Traffic Pollution Doubles Lung Transplant Death Rate, Study Finds
Air pollution from car traffic may double the risk of organ rejection and death in lung transplant patients, Belgian researchers report in a new study.
Thestudy, which tracked nearly 300 lung transplant recipients over more than a decade, found that patients living less than 600 feet from a main road were twice as likely to develop a severe lung inflammation associated with organ rejection within several years of surgery.
The researchers concluded that nearly 30 percent of deaths in lung transplant recipients could be attributed to living near a main thoroughfare.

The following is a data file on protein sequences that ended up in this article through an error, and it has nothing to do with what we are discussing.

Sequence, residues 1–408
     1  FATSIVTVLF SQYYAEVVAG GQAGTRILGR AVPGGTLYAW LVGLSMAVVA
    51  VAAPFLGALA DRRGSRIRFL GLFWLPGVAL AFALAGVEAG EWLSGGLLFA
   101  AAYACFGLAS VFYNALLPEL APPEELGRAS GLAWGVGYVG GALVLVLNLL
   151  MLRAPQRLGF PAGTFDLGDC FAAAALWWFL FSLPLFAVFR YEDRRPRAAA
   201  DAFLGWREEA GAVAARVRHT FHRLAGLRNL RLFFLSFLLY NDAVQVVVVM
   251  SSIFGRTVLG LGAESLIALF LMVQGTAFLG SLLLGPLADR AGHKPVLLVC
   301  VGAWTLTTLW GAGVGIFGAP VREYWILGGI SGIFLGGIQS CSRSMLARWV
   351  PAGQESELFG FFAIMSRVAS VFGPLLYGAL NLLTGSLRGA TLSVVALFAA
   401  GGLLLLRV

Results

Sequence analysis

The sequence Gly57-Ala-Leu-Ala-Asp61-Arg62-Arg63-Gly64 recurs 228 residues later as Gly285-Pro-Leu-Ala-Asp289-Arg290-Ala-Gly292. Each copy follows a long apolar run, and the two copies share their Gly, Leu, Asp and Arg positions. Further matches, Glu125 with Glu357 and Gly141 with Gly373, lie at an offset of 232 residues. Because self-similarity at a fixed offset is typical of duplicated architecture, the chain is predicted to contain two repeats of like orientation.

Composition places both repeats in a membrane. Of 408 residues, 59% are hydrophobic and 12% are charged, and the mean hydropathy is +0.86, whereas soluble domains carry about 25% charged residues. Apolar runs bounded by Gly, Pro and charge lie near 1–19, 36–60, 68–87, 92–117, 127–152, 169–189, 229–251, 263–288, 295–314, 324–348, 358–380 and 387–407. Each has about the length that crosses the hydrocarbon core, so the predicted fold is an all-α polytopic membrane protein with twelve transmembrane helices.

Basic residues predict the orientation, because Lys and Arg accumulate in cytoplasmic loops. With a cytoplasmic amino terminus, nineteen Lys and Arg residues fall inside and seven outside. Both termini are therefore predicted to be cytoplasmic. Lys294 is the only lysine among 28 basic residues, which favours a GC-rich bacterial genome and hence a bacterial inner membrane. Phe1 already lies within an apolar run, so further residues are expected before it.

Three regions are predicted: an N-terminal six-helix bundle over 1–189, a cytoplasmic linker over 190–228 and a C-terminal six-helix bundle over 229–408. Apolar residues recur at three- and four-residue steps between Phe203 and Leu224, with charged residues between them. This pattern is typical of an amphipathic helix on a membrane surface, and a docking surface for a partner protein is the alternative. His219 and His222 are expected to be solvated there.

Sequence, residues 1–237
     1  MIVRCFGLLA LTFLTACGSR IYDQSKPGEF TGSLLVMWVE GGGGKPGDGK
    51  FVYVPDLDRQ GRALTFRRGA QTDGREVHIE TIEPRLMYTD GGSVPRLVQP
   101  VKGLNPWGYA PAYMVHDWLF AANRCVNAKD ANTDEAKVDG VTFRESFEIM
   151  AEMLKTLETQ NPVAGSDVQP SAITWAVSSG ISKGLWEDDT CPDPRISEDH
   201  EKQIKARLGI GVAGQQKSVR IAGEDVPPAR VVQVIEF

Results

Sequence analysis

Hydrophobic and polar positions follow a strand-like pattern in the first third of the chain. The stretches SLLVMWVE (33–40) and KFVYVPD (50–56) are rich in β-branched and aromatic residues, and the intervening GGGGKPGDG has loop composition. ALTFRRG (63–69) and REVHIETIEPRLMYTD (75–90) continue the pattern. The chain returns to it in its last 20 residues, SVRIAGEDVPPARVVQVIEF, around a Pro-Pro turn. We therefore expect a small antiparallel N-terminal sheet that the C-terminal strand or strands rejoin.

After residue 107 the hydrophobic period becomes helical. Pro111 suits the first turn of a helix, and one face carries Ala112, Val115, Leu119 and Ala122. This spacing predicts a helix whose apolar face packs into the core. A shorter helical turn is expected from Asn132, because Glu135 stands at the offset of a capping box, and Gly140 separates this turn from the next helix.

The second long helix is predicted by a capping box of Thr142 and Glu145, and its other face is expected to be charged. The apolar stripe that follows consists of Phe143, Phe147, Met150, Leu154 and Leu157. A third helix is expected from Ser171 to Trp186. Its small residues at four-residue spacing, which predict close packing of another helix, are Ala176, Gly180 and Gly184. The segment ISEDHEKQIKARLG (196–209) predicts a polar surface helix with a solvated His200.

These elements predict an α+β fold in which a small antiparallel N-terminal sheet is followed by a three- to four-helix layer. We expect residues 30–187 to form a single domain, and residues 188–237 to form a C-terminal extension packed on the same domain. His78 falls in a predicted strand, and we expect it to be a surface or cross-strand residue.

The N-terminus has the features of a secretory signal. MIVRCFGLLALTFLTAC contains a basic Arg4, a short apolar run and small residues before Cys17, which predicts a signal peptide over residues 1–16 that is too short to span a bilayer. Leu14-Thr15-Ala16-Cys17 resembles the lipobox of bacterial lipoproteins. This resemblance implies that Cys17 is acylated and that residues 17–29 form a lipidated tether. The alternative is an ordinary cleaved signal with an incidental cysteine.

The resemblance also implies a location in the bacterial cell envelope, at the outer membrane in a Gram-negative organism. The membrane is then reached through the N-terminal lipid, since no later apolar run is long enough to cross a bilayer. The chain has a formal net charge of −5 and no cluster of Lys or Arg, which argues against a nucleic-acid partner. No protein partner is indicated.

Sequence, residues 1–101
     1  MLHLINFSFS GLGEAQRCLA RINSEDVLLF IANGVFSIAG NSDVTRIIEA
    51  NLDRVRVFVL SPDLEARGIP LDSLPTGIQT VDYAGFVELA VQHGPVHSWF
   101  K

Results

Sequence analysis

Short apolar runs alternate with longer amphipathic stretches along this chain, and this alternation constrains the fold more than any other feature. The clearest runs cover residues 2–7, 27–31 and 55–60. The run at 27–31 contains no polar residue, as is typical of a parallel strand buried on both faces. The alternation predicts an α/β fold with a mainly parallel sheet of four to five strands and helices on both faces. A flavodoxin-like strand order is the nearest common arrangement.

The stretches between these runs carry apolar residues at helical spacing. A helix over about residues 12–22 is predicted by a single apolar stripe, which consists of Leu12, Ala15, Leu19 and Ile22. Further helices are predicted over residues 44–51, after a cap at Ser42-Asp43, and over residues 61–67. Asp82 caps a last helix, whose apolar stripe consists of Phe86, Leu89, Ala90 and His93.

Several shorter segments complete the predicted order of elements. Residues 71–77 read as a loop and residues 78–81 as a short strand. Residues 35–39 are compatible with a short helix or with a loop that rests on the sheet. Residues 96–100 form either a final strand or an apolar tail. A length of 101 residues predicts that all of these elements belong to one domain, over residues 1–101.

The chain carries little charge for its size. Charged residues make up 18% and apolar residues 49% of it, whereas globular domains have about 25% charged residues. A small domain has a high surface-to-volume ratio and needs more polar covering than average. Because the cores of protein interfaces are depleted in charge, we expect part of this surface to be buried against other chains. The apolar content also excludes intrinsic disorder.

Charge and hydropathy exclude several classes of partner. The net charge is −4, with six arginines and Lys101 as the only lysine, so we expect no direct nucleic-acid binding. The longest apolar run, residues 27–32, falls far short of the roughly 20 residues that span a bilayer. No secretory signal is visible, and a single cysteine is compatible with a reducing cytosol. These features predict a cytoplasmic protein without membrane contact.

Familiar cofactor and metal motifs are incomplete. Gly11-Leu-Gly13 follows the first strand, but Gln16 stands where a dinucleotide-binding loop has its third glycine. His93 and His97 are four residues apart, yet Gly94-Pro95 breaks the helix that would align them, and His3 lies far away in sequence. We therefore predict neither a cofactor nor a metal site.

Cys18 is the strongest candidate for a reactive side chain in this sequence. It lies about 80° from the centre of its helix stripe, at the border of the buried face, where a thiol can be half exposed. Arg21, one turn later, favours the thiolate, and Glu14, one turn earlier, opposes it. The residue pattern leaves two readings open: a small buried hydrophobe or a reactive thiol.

The study appears in the latest edition of the medical journal Thorax.
Lung transplant, a last resort for sufferers of end-stage lung disease, has grown increasingly common since the first successful long-term transplant wasaccomplishedin 1983; the procedure was attempted roughly 1,700 times in the U.S. in 2007, statistics show.
Survival rates have alsorisen dramatically, with more than 80 percent of patients now surviving after their first year, and more than 50 percent surviving five years after surgery.